Too Late for Personal Branding?

Q: If you are already being considered by an employer for a new position, what can you do at that point for Branding?

This is a tough one. I would say that once you are in the interview process, there’s probably not a lot you can do to change their first impression of you. They have already seen your resume and application, and probably already Googled you. If you think they haven’t done an online search of you yet, you might consider updating your Linkedin profile and setting your privacy settings in Facebook so they don’t see things you don’t want them to. Otherwise, you should craft your brand for future opportunities.

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Andrew Krzmarzick

Great tip generally…folks need to have peripheral awareness of their online caricature. I have a Google Alert set up on “Krzmarzick” so that I can see where I pop up…also let’s me know what’s being said about my family, too


Jeff Ribeira

Pardon the cliche, but I’m a big believer in “there are no second chances to make a first impression.” I also wonder how well we as communities and educators are teaching the younger generation (specifically teenagers) how important and potentially damaging this is when it comes to landing a job once the carefree days of high school are over…

Rick Alcantara

Social media presents unique challenges to both job seekers and employers. Job seekers can use their social media profiles to reinforce their position as a specialist or expert in the field. Conversely, some misguided posts can tank their job prospects in seconds.

For employers, the use of social media for screening potential hires presents ethical and legal questions. For example, what happens if they make an unfavorable hiring decision based on unsavory but legally-protected information they see on your social media profile. Could their actions result in an EEO claim?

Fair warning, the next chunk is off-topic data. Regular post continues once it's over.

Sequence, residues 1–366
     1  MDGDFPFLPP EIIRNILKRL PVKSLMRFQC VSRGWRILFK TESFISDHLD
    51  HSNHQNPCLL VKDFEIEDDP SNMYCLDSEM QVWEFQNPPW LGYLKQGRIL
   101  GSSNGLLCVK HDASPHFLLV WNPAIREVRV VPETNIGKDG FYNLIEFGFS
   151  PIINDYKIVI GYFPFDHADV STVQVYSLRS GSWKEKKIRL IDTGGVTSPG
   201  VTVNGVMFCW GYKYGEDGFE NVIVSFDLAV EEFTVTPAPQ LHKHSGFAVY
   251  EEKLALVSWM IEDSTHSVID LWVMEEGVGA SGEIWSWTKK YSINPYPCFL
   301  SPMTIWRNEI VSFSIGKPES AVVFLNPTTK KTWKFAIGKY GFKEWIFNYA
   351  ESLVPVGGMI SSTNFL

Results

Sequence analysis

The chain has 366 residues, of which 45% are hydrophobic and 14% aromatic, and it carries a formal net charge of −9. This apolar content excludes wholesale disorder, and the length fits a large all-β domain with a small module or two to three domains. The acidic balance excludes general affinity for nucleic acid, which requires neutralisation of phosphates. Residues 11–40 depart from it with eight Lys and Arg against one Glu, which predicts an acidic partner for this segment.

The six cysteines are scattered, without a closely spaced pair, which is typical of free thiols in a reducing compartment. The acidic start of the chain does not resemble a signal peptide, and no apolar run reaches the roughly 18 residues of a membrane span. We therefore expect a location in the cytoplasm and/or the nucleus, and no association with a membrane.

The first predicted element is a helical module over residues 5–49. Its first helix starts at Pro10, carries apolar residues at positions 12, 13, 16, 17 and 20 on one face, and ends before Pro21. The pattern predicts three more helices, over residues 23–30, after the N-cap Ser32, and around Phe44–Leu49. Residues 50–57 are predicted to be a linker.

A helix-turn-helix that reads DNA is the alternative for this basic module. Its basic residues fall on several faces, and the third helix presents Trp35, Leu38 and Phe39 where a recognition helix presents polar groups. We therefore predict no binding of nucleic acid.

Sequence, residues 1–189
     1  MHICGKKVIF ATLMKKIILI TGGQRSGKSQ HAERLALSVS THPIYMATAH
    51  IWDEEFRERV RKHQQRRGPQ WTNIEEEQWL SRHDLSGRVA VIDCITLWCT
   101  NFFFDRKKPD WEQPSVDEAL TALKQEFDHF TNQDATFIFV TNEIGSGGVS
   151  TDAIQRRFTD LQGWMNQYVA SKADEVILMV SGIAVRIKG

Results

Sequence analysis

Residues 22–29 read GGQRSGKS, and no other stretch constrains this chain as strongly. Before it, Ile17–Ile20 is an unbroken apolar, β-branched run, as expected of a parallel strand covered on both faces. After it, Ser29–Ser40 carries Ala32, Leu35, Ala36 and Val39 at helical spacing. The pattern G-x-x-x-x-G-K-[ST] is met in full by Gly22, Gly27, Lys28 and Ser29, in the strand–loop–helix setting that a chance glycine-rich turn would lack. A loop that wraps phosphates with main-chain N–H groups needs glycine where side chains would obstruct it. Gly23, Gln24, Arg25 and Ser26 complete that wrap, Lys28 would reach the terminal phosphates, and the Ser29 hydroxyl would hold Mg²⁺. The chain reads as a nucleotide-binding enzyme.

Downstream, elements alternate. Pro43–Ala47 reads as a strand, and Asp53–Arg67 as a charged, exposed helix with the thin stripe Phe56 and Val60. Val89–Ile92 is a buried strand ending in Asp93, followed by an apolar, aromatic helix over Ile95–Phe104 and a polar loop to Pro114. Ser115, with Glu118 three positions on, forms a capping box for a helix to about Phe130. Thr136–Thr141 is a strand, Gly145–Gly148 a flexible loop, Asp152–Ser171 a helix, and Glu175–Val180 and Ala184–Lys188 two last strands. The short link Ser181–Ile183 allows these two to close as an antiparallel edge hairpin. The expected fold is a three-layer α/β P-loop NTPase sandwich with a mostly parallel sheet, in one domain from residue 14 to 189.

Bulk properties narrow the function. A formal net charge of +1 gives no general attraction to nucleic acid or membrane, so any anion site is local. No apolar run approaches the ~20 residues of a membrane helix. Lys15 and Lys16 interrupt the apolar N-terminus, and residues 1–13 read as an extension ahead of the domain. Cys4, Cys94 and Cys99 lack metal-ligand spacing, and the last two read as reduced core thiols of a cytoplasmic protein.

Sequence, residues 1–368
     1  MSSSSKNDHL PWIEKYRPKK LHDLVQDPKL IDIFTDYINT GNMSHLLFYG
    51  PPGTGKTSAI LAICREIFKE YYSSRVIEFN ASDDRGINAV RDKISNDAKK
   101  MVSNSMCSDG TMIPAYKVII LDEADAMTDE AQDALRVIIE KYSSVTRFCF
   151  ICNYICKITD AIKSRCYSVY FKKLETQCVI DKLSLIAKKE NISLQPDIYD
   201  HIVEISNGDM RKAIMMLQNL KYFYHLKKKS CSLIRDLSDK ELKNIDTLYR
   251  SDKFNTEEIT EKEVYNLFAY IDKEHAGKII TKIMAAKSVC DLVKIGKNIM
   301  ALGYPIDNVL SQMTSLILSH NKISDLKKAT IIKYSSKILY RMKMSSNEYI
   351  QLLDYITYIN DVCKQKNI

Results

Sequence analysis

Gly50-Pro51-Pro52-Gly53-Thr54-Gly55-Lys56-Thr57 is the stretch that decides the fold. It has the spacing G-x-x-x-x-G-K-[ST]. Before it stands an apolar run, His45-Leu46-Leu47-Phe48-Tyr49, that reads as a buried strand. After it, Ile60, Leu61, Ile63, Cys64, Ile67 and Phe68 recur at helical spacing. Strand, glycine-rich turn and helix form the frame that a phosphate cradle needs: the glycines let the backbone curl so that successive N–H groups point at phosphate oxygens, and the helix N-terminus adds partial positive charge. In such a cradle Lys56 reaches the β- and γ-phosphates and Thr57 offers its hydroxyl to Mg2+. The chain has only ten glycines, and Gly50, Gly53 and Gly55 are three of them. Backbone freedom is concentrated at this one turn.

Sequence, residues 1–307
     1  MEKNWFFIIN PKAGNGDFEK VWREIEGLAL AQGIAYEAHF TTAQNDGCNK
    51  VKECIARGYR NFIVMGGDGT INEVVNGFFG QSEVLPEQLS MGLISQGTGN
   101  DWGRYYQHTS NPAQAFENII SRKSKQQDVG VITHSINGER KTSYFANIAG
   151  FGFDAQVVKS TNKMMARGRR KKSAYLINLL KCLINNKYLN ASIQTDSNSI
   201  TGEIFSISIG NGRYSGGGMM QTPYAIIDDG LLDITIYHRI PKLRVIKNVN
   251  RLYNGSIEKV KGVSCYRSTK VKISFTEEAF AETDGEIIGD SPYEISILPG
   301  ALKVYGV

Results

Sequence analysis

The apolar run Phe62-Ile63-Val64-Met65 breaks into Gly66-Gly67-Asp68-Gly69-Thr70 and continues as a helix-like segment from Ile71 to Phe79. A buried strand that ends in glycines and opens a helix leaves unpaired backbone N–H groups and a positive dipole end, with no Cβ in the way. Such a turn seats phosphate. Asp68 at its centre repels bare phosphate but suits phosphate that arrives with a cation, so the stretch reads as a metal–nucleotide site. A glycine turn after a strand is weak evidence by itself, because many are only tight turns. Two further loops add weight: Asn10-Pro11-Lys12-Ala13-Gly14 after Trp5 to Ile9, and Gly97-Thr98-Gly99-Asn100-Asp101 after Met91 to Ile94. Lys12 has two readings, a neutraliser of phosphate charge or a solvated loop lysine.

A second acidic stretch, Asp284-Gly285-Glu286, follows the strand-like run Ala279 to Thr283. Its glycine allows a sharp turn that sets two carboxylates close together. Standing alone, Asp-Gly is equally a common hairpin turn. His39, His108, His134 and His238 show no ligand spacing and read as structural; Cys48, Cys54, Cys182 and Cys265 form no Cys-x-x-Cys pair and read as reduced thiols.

If you have the luxury of time before your interview, you can improve your online presence in the following ways:

  • On Facebook, limit access to “friends”. If you insist on keeping your page open to everyone, then create a group for employers/recruiters, assign industry contacts to the group and limit their access to certain areas of your page
  • On LinkedIn, update your profile to reflect current and relevant job-related experiences. Participate in industry forums to further position yourself as an expert.
  • On Twitter, simply pray that no one goes back months to read your rants about politics, sports, former employer, etc.
  • On Digg, Reddit, Stumbleupon, share links to industry-related articles with your peers
  • On Scribd, post a library of original material that exemplifies your industry knowledge

Just remember, once you post something on social media it’s there forever. I suggest living by this golden rule: never post anything you’d be afraid to share with your grandmother.

Stephanie Slade

I try to drive traffic to the sites I have control over. There are a lot of other people with my name in the world (sadly), and not all of them are presenting the face I would like to show a potential employer. So I created an about.me profile, which I include in my email signature and on pretty much all my social media platforms. This (I hope) at least increases the chances that people wanting to learn more about me will see the info I’ve uploaded rather than the Stephanie Slades who are bikini models in Utah or high school juniors with MySpace profiles. I also try to stay active on Twitter, Tumblr, etc., in the hope that eventually those will become the links that turn up first when you search for me. Is there a risk involved in pointing people toward my personal information? Sure. But if someone doesn’t like my obsession with college football, there’s not much I can do about that. Plus, it makes me human, and do you really want to work at a place that expects you to be an automaton?